Composer: Claude Debussy (b. 1862 - d. 1918)
Performance date: 02/07/2018
Venue: Bantry Library
Composition Year: 1909 -10
Recording Engineer: Tom Norton, RTÉ
Philippe Cassard -
30. LATE GREAT SHOW – BANTRY HOUSE 22.30
Philippe Cassard [piano]
Claude Debussy [1862-1918]
Préludes Livre 1 [1909-10]
1. Danseuses de Delphes
3. Le vent dans la plaine
4. ‘Les sons et les parfums tournent dans l’air du soir
5. Les collines d’Anacapri
6. Des pas sur la niege
7. Ce qu’a vu le vent d’Ouest
8. La fille aux cheveux de lin
9. La sérénade interrompue
10. La Cathédrale engloutie
11. La danse de Puck
On hearing Debussy play Danseuses de Delphes, a friend wrote it was like hearing a poet reciting some of his own delicate lyrics. He had a soft, deep touch which evoked full, rich, many-shaded sonorities…I have never heard more beautiful pianoforte playing.
Debussy began his first book of Preludes in December 1909 and completed it early the following February. Each prelude, with the exception of the brutal West Wind and the Drowned Cathedral, was composed in a single day.
The first Prelude, Danseuses de Delph, takes its name from a Greek classical column from Delphi on which three dancers are depicted then being exhibited in the Louvre. The three dancers with linked arms circle slowly – a miracle of harmonic concentration, soft dissonances and plain triads in perfectly poised sequence. This beautiful, grand and sensuous introduction closes on a B flat chord and B flat provides the key bass note in the second Prelude, Voiles, which could be Sails or Veils. The right hand provides a translucent shimmering which is undermined by the sinister bass.
The third Prelude’s title, Le vent dans la Pleine, is a literary allusion to an eighteenth-century playwright, Charles Simon Favart, one of three literary inspirations in this series. It too uses a low B flat as a vital part of the bass. The fourth Prelude (The sounds and perfumes turn in the evening air) is a line from Baudelaire. This Prelude is a masterpiece of refined voluptuous decadence. The insistent chromatic chords add to the dream-like atmosphere. These first four Preludes can be regarded as a set – a kind of first movement. The fifth prelude is quite different.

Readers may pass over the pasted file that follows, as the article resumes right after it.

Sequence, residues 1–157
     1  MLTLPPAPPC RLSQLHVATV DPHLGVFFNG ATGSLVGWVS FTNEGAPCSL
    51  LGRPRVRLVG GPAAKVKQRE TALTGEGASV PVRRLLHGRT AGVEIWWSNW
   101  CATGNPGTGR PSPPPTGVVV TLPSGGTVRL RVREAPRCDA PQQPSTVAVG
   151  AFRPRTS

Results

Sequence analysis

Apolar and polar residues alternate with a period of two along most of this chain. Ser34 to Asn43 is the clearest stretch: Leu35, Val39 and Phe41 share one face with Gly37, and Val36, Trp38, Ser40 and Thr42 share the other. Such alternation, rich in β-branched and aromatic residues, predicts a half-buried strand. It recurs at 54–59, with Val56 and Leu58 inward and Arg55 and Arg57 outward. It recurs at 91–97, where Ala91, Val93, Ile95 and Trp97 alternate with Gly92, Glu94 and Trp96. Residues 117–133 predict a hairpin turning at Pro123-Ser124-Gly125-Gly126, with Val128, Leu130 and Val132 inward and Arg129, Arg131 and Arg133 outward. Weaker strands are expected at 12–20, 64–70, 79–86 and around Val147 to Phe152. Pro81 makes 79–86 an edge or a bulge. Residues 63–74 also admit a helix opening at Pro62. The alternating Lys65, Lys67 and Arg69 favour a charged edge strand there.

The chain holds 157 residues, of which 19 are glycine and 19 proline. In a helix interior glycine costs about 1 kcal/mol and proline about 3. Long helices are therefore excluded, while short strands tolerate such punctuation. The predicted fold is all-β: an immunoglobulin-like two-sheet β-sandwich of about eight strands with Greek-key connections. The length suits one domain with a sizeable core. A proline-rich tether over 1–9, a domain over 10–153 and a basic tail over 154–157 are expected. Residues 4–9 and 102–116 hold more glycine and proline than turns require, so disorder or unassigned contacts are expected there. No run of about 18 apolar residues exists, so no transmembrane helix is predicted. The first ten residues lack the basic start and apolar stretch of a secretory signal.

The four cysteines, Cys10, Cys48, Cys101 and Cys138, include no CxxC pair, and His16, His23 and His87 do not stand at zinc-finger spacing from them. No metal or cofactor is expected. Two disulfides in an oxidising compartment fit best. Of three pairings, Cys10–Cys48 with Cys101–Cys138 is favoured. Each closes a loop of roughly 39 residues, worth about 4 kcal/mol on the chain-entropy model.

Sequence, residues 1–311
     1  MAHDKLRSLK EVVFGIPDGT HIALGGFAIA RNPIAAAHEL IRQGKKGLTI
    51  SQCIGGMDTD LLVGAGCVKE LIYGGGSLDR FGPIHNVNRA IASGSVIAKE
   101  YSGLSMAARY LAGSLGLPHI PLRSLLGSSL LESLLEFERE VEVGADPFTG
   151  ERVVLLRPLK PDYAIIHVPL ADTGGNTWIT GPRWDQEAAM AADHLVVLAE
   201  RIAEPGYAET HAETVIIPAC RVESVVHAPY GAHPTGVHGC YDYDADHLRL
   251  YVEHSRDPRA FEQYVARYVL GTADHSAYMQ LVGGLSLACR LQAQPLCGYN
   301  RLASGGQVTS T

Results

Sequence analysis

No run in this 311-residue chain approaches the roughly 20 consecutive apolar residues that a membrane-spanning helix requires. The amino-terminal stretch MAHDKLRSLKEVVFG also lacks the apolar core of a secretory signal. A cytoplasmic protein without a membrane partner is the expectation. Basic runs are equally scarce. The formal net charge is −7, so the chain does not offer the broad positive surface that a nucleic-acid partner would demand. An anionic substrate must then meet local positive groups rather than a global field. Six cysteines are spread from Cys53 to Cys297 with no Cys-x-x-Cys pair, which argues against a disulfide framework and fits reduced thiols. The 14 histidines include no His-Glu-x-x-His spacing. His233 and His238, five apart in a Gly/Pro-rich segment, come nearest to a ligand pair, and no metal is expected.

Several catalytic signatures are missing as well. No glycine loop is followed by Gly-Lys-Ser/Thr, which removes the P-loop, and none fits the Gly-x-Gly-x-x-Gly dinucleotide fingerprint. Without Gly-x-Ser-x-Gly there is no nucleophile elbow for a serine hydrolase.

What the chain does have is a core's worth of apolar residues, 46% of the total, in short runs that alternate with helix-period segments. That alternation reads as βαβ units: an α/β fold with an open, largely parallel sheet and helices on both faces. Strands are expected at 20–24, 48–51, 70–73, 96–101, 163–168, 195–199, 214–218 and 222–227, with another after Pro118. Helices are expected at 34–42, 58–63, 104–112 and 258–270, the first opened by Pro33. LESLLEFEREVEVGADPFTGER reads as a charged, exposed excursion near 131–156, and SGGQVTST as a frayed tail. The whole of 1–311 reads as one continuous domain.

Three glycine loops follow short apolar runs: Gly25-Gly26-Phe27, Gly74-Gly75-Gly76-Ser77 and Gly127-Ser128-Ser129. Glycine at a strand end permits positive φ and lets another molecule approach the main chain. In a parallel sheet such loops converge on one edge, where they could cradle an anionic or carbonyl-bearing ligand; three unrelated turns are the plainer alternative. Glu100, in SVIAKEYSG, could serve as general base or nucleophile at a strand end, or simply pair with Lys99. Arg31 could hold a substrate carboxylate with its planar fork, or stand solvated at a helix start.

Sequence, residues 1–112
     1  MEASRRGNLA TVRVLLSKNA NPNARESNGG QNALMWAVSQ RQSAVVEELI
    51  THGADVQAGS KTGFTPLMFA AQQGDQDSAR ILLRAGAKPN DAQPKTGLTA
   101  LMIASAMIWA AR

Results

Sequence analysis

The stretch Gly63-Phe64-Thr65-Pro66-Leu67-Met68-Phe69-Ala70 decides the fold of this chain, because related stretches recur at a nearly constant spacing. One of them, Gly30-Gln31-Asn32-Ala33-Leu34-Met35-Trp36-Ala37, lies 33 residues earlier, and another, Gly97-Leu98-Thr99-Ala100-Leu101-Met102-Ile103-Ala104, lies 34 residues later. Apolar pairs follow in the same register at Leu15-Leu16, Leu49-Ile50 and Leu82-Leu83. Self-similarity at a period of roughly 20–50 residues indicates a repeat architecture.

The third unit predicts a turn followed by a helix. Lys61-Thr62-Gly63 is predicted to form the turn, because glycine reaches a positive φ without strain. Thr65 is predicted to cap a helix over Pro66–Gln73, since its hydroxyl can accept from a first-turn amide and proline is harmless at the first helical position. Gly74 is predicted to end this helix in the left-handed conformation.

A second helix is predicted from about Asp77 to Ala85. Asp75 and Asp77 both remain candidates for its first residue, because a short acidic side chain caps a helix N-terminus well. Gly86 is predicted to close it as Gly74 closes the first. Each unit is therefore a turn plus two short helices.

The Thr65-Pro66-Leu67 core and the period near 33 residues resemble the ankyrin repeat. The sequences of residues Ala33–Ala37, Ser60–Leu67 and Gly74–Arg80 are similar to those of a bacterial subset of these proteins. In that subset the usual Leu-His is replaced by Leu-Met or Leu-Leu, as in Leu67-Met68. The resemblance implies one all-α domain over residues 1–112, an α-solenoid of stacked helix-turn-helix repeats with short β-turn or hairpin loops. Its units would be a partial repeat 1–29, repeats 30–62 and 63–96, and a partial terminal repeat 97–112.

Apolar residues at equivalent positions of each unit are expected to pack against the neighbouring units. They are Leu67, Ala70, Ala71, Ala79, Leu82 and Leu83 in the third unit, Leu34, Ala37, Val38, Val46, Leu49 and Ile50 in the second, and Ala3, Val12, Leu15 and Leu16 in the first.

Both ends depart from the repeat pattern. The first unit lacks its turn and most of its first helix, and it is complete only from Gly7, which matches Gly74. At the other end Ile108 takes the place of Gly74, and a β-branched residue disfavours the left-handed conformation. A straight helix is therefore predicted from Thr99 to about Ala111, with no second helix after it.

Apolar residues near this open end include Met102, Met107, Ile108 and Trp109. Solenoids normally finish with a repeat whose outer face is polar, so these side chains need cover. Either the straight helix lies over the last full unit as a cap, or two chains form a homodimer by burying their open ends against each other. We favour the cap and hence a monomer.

It has been suggested that the title of the fifth Prelude Hills of Anacapri comes from an image on the label of a wine from Capri. Here Debussy changes to major keys and brings a lightness and humour with bells, popular songs, a tarantella and even a habanera. Prelude Six Des pas sur la neige (Footsteps on the snow) is an intense piece concentrating on a slow repeated two-not figure. This rhythm, Debussy writes, must have the sonorous value of the depths of a sad, frozen landscape.This is followed by the tumultuous “What the West Wind Saw”. The title comes from a Hans Christian Andersen story The Garden of Eden, whose West Wind is a wild man brandishing a mahogany club and the music is either a pastiche or an homage to Liszt. Another complete contrast follows with La Fille aux cheveux de lin, a title taken from Leconte de Lisle. Here the musical influence is Schuman although the delicacy and variety of the harmonies are entirely Debussy.
The Interrupted Serenade is a delicious tale of a would-be serenading guitarist faced by a slammed-shut window and competing music. It provides an interlude before the famous Submerged Cathedral named after a legend of the sunken Cathedral of the ancient Breton capital of Ys, whose bells can be heard on a calm day. The Cathedral will emerge only when Pairs is flooded. Debussy handles the emergence of the Cathedral and its mighty organ from the misty depths with astonishing power.
The final two preludes are much lighter. La Danse de Puck conjures up Shakespeare’s merry wanderer of the night with faint echoes of Ravel’s Scarbo. The 12th Prelude Minstrels is a skilful montage of musical tricks, a witty finale to these extraordinary Preludes that combine beauty, refinement, clarity, grandeur, sophistication and humour – a modern master at the height of his powers.
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